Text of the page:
It is Carlos Castaneda--the famous author of a series of books concerning the teachings and worldview of his teacher, the Toltec seer and sorcerer, don Juan Matus.
     This is astonishing, as I know that Castaneda is an elusive character who avoids being photographed, and yet here he is! He shakes my hand and we go inside to join the gathering. I'm interested to see how this might shift the energy of the group. Usually when our friend Joe is among a group in public or even at a private event, a lot of the attention revolves around Joe. After all, he's quite charismatic and also very famous now.
      Interestingly enough, both Joe and Castaneda, though fascinating guys, do not dominate the group's attention, and everyone continues to visit and bustle about preparing food without a major disruption of the preparations.
      I go to Castaneda and say, "How about a cup of coffee?"
     "Thank you, I'd appreciate that," he says with a sparkle of his eyes and a grin. "Especially if it's organic, shade grown coffee."
     "Sure," I say. "That's the only kind we have."
      When I wake up and tell Tomas this dream, I add, "It seems that Castaneda came a long way to join our gathering…"
      "I'll say," Tomas says, "all the way from the Land of the Dead!"
      Indeed, I feel as the late novelist William S. Burroughs would say, that when we dream of people who have died, it is an actual visit from the Western Lands.
      A dream worth sharing with YOU!

Monday, August 8, 2011

Oneness Reveals Itself



Once you look Oneness in the eye, you can never ever again be the same person you thought you were before!
Recently I encountered a tiny new-hatched green anole lizard. It perched on the lower edge of the kitchen window frame: baby on the outside in its native heat and me on the inside in my blessedly cool air-conditioning. We saw each other, eye-to-eye…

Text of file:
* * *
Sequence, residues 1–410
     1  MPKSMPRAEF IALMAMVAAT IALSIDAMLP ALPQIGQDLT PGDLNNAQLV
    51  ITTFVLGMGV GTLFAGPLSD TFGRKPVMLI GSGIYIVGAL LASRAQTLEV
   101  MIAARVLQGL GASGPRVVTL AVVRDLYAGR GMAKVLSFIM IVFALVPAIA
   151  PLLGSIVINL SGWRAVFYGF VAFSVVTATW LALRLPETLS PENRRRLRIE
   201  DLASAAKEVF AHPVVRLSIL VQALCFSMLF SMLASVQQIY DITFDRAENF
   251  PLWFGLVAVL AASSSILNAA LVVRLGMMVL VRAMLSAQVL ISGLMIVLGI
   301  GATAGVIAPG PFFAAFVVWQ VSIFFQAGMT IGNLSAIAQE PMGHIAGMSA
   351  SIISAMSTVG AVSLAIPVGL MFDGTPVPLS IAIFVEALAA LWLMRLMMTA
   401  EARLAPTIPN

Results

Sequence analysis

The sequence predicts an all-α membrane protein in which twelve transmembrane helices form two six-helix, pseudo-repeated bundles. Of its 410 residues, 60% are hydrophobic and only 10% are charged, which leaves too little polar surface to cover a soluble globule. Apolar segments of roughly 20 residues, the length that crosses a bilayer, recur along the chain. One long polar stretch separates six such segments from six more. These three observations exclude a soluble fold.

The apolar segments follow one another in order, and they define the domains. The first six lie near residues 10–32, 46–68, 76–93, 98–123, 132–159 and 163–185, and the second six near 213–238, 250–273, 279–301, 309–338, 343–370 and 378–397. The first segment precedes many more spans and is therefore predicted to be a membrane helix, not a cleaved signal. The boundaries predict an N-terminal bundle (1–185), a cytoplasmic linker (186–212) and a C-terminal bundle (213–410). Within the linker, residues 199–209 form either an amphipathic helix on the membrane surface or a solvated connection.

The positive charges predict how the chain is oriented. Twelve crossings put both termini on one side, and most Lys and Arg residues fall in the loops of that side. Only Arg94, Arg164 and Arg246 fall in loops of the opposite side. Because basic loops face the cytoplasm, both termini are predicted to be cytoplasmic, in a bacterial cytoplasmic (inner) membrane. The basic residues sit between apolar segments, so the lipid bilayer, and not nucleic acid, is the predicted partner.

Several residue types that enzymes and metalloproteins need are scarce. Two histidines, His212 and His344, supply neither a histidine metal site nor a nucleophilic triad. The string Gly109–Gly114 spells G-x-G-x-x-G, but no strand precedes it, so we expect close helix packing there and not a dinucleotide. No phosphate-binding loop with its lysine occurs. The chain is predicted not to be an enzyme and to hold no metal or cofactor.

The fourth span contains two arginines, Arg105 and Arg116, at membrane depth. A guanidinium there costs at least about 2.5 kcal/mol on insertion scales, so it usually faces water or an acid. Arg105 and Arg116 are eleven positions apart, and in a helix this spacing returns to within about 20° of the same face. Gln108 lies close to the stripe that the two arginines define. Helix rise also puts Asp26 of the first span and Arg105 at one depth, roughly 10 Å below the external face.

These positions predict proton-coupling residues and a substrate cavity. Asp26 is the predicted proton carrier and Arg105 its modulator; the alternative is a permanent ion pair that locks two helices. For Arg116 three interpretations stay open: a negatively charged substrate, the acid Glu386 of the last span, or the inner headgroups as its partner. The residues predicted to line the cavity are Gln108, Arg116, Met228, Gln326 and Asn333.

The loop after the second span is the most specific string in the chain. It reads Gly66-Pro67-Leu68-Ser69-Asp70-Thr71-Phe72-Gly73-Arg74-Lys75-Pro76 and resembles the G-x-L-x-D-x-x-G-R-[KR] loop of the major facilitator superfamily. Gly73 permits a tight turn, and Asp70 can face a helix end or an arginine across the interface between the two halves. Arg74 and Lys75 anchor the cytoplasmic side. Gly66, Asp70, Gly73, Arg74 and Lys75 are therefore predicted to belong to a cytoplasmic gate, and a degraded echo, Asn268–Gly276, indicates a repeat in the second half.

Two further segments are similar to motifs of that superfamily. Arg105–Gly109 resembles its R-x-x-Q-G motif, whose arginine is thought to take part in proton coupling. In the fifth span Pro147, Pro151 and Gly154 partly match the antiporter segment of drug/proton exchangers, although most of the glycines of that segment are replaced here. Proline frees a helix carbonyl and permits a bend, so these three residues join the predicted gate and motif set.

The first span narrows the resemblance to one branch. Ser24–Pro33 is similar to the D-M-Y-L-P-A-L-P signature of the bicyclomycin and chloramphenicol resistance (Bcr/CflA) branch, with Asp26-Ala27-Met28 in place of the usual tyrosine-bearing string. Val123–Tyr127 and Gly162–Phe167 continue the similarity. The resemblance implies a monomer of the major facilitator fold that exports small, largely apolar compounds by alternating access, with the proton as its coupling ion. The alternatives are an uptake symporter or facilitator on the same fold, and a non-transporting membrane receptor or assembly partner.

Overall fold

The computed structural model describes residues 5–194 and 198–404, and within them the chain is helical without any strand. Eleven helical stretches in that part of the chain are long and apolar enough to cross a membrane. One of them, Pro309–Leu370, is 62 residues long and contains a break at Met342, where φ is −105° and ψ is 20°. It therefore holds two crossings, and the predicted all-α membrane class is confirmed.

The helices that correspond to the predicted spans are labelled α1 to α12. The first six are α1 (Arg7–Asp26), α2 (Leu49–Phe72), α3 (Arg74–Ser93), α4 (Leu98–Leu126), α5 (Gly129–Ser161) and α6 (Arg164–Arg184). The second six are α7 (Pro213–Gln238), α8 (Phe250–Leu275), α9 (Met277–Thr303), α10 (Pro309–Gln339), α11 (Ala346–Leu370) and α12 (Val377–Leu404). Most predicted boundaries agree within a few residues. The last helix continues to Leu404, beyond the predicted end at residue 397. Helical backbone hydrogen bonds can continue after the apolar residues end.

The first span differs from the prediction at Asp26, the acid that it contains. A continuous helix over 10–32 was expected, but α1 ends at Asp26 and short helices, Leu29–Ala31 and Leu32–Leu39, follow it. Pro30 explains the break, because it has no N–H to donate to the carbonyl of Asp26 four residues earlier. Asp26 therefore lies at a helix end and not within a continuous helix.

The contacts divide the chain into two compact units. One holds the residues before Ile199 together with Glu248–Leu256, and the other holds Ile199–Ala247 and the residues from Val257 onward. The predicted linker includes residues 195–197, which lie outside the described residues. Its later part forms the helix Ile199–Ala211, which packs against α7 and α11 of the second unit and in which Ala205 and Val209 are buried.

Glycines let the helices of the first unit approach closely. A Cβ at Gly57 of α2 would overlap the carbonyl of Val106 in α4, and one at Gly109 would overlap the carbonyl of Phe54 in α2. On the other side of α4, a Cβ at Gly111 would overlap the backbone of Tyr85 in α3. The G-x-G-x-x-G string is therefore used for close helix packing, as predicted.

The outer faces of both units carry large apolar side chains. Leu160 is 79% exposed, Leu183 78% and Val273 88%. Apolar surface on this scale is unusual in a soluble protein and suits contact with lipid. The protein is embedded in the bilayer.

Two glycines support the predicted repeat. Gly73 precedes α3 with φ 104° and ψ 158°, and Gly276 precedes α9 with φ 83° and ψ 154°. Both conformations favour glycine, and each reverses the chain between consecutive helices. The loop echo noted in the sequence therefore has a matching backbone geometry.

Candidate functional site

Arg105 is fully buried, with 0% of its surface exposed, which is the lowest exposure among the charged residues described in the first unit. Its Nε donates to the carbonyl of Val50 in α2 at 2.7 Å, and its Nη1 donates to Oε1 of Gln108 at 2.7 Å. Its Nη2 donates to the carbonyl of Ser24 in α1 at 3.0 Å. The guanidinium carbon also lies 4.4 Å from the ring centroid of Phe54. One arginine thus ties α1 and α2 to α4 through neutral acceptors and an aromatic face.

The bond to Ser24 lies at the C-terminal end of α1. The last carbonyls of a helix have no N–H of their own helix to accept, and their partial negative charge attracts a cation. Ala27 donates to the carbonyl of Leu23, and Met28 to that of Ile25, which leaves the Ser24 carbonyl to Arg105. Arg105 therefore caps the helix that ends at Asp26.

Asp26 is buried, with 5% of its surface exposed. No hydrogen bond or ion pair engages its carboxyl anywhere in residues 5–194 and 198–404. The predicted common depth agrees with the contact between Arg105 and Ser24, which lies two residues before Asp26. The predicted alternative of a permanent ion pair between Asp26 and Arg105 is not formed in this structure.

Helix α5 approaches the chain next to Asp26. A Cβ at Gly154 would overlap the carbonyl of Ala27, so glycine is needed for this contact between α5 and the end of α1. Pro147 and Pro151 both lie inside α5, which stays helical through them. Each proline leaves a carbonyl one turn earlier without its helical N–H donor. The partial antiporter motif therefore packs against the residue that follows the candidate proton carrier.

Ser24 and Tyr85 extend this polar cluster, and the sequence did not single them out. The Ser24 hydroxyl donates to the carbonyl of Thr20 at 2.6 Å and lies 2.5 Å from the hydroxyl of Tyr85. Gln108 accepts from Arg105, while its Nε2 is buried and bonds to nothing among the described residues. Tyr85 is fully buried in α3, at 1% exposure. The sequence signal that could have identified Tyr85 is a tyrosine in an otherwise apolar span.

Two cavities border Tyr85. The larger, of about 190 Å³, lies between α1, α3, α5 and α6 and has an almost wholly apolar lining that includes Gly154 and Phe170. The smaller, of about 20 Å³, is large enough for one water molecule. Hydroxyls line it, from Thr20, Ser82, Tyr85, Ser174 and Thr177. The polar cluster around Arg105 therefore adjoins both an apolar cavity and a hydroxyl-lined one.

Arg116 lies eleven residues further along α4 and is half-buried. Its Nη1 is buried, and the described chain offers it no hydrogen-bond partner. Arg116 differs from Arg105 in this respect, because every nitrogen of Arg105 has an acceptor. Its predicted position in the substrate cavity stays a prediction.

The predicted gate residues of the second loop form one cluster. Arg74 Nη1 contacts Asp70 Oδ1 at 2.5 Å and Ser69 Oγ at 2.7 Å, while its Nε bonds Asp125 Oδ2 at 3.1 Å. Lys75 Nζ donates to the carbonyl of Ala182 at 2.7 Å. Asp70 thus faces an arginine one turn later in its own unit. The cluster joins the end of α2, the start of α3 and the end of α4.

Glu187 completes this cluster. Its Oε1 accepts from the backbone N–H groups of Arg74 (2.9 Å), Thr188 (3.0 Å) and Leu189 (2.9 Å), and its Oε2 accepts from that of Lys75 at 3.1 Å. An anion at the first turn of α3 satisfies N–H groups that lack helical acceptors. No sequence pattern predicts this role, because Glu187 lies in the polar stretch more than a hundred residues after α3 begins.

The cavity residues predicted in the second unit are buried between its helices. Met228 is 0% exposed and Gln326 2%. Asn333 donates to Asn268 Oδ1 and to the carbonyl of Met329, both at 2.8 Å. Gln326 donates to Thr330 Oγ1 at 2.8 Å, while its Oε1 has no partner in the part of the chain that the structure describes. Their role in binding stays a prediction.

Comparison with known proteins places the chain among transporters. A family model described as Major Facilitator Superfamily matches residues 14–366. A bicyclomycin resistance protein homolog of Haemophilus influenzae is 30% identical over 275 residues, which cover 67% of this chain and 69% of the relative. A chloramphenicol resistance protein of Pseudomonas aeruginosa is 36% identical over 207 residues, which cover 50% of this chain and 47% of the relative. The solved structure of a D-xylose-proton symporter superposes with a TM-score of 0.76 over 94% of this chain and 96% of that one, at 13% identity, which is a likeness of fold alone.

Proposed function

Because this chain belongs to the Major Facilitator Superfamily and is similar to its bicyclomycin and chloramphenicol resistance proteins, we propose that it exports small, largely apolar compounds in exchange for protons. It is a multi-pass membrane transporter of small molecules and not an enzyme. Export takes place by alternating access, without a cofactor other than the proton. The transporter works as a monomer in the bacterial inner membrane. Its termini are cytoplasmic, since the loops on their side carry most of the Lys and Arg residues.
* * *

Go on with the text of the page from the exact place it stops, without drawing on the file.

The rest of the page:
This exquisite lizard—commonly called a chameleon by many for its color-changing talent—was no longer than my little pinkie, including the tail. Probably 2/3rds was tail, so scope out how incredibly itsy bitsy this creature was. At present he was green because he climbed up from the green nandinas that grow below the window.
As new-hatched baby and I examined one another, I sought not to intimidate with my size; I moved slow and did not loom too close. The miniscule head turned, and a microcosmic gem of an eye swiveled in its socket, wary and yet evidently not afraid.
The baby ambled along, to show off perfect tiny feet.
Our encounter provided me with a glimpse of that indescribable Oneness lately quite trendy in “ahead-of-the-cutting-edge” spiritual circles. Only it’s nothing new, this “non-duality” the Hindus have called Advaita for millennia. It’s something like what physics now calls “entanglement.”
Only Oneness isn’t so easy to “get” because it cannot be gotten. It’s unavoidable. It’s the fact that nothing is actually separate from anything else. Separation causes suffering, only separation isn’t real. So get over it!
I’ve noticed a curious thing—the major Oneness “teachers” don’t offer any spiritual practice. They say you don’t need it. Other excellent teachers provide a practice to point you towards Oneness.
What does Oneness really mean? It is not something you can understand, describe, achieve, enter or leave—it’s simply what IS.